“Apart from being branded an apostate, I have been accused of being a sellout, a Zionist conspirator, a self-hating Muslim, a ‘whore’ for opposing the burka, a shrew who flouts all domestic virtues and a libertine who promotes ‘immoral secular values.’”

Raised in an influential and well-educated family in Pakistan, Hassan had an unusual upbringing. She and her sisters and her sisters attended a Catholic school as did her mother. Her grandmother was a Protestant from Britain who had never been pressured to convert to Islam and who wore Western dress until a wave of fundamentalism in the 1980s forced her into the “traditional shalwar kameez.” Her family used to celebrate Christmas; Hassan cannot recall any of her relatives “praying regularly” (as Muslims).

She writes things that would be considered heretical by Islamists today while also recalling how once, things were different, at least for the well-to-do in Pakistan. So, what changed?

“Bigotry would begin to take root and an inflexible orthodoxy would dominate. At that point I was beginning to feel the British and other colonialists did not complete their job. They should have stayed longer to ensure that democratic principles and a culture of tolerance and pluralism were firmly established in the subcontinent. The Islamic world was now riddled with fanaticism of the worst kind: one that would kill and terrorize in the name of religion.”

Among a number of specific and rather horrifying examples of the hatred toward Israel and Jews that exist in the Islamic world, Hassan writes of her experience on a trip to Syria in 2009:

“In the evenings, Judy, Kathy, Hind and I would roam the market or sooq. But anti-Israel sentiment was quite palpable on the streets. The war between Gaza and Israel was raging at that time. The figures on the screen showed Israel’s military might as a kind of grisly scoreboard: 13 Israeli dead against 313 Palestinians. During our visit, Judy and I also stumbled upon people trampling on a drawing of the Israeli flag on the street. Naturally Judy, being Jewish, felt very uncomfortable. On another occasion, we came upon a Syrian shopkeeper who was cursing the Israeli army. At the conference, some women declared “We don’t hate Jews. We just hate the Zionists.” All over the streets of Damascus was the catchphrase “Gaza bleeds.”’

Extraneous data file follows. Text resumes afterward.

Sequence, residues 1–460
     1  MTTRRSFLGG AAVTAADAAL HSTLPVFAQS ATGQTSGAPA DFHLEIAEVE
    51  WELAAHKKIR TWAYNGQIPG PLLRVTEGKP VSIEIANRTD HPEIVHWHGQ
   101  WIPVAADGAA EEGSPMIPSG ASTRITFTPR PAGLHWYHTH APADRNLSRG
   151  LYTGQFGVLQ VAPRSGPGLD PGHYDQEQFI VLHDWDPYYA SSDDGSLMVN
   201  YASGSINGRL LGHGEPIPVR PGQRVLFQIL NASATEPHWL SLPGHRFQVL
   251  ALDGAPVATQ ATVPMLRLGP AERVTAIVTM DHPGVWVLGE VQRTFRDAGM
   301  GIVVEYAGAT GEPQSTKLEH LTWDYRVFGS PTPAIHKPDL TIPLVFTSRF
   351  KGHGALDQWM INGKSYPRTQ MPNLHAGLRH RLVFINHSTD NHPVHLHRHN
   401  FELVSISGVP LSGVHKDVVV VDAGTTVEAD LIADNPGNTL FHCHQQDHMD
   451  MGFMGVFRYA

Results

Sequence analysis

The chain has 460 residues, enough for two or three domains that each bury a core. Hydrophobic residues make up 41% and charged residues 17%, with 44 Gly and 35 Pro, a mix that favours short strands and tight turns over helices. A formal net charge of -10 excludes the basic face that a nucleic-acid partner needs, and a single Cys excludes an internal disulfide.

Echoing Hassan’s voice, there are a welcome and growing minority of Muslims and ex-Muslims. Some of them write critiques of Sharia, others reject Islam altogether or re-interpret the Quran. Some are religious, others are secular and agnostic.

To name only a few: In Canada, there are Homa Arjomand, Tarek Fateh, Irshad Manji, Salim Mansur, and Raheel Raza; in North America we have Ayaan Hirsi Ali, Zainab al-Suwaij, Nonie Darwish, Mona Eltahawy, Zuhdi Jasser, Asra Nomani, Soona Samsami, Amina Wadud, and Ibn Warraq; in Europe, there is Fadela Amara, Henes Ayari, Seyran Ates, Zeyno Baran, Samia Labidi, Maryam Namazie, Salman Rushdie, Bassam Tibi, etc. Perhaps the most endangered dissident Muslims live in Muslim countries; their precious names are legion, their punishments barbaric.

In Canada, Hassan has been attacked by Islamists and by politically correct feminists who disagree with her anti-Burqa stand and with her call to separate religion and state, not boys and girls in school. She opposes the corporal punishment meted out to Muslim children in religious schools and rejects Canada’s misguided submission to Muslim misogynist customs out of misguided progressivism that selectively tolerates some forms of women’s subjugation.

I will give Hassan the last word:

“In the end, I urge all Muslims, fundamentalist and liberal, to think long and hard about these issues. It is now time to shun bigotry and obscurantism to enable a better future for all. I also urge Muslims to embrace Canadian values of equality, pluralism and dignity for all human beings. They must discard their anti-Western sentiment. They have chosen Canada as their home and they owe allegiance to it.”

Phyllis Chesler is the author of the new memoir “A Politically Incorrect Feminist: Creating a Movement with Bitches, Lunatics, Dykes, Prodigies, Warriors, and Wonder Women” published by St. Martin’s Press and is featured in the documentary “Feminists: What Were They Thinking?” airing now on Netflix.

Phyllis Chesler is the author of 18 books including the landmark feminist classics Women and Madness (1972), Woman’s Inhumanity to Woman(2002), and An American Bride in Kabul (2013), which won a National Jewish Book Award, and Islamic Gender Apartheid: Exposing a Veiled War Against Women (2017). Her new memoir is titled A Politically Incorrect Feminist. She is a Fellow at The Middle East Forum and is one of the Original Women of the Wall.